This album absolutely floored me the first time I heard it. I happened upon it at a local record store in one of the listening booths and decided to give it a listen. I had never heard of DJ Shadow up to that point but my whole world changed the moment I put on those headphones and pressed play. It begins with an introduction that sounds like your ordinary dialogue sampled intros found in many hip hop records, but right after the sampled voice says, "producing..." in floods a piano that sounds more classical than jazzy or funky, the drums kick in and the journey begins. There's an atmosphere to this album (all the great ones do). You can just feel it. Sometimes the air is thick and foggy, sometimes your head feels cluttered, and sometimes you just sit back, relax, and take it all in. This album has been in my collection for a long time and it still to this day amazes me and is constantly in my cd player. I've heard people say this is a hip hop record, or trip hop, blah, blah, blah. Catergorization of music gets pretty tiresome, but if I were to categorize this album I'd put it under "great music", because that's what it is. It's simply great music.
on April 12, 2001
This is an amazing album.
One of the biggest reasons for this being so is that it has staying power. It is something like six years old now and sounds fresh and vital.... Really, I don't know that this is going to mean anything to anyone reading this review with some intent to buy. First, just buy it.
Second, what this album is is one man's collage created out of a lifetime of looking through records, taking them apart, and putting them back together again. DJ Shadow is the foremost turntablist IF that is defined to being able to dissect something and then put it back together into a coherant whole that is something COMPLETE and just not an act of will or skill (though you do have to give props to people like DJ Q-bert for how he scratches, or Kid Koala, for what he scratches with, or Peanut Butter Wolf, for how he can raise the caliber of the other people he's working with....) This album is SO far above what anyone else has done (DJ Cam's 'Mad Blunted Jazz' is the only thing that even comes sort of close...)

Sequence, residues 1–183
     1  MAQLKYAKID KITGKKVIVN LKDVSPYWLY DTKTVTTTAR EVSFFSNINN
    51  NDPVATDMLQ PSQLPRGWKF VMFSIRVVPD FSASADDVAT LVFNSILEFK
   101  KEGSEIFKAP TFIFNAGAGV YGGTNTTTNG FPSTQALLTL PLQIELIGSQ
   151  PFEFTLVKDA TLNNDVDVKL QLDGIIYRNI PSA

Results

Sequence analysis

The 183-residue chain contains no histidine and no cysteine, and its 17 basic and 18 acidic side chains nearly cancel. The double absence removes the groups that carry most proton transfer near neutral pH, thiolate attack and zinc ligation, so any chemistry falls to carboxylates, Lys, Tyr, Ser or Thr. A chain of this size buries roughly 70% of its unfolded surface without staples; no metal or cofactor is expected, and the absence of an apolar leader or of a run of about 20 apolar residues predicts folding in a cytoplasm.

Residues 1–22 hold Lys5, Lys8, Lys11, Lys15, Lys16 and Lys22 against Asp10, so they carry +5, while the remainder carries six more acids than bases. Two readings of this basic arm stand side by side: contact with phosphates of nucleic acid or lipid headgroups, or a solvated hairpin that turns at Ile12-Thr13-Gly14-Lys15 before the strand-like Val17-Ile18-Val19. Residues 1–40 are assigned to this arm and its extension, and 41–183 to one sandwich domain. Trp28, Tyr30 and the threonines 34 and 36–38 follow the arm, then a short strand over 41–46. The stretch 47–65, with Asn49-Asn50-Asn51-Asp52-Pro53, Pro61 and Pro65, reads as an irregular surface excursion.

Buy this album. It is totally, totally mind blowing and will become a soundtrack to your life. If you like it, then check out all of the stuff by Ninja Tune (a label) cause they are at the forefront of the 'modern' versions of this (with people like Amon Tobin and Koala)....
on January 12, 2001
Without a doubt, one of the all-time best albums ever recorded. I bought this cd years ago and have listened to it easily 2,000 times. I now have this cd imprinted to my skull. I don't even have to listen to it anymore because all I have to do is think about it and I can hear it in my head. This cd will leave an impression on you for years to come. I'm still mad that it takes him 5 years to put out an album. Anyway, back to the nice things to say. Check out the songs "Stem/Long Stem" "What Does Your Soul Look Like", "Mutual Slump", hell any of them. The best without a doubt, although his most famous, would have to be "Midnight In A Perfect World". At the time this album came out, I had never heard a song that portrayed what I THOUGHT to be the perfect song. I still feel that way. The title alone makes you hope it will be good - and it is.
If you are into hip-hop, soul, jazz, rock, etc. you have to get this album. It covers all ends of the spectrum and fulfills it's purpose all the way through. There isn't a slow track on the entire album. DJ Shadow is definately one of the biggest talents of my time. If he could just put out more music. Jeez. I mean, uh, back to the review. Every song has it's own sound but maintains the overall integrity of the album. If you really listen, you will hear some of the most beautiful and subtlely placed scratching ever placed onto wax. He is a master, in fact. Never is anything overdone on this album. I believe this is his best piece of work ever and will be very hard to top in the future. Hopefully I'll put my foot in my mouth someday. I'm looking forward to that.
So - if you're still reading this review and you haven't left to pick this cd up, or you haven't gone to another screen of amazon.com to order this, you're a fool. Be gone. Hope you dig it as much as I do.
on December 18, 2000
This is very well one of the greatest albums ever made. And the reason is because it is music. It's like a jazz album. And for me it's the best jazz album I have ever heard since Kind Of Blue (Miles Davis).
It's not techno, infact it's the farthest thing from it. For me it's a mix between jazz and hip hop. Dj Shadow grew up as a hip hop kid, collected records since he was younger than 13 or something, and made this album.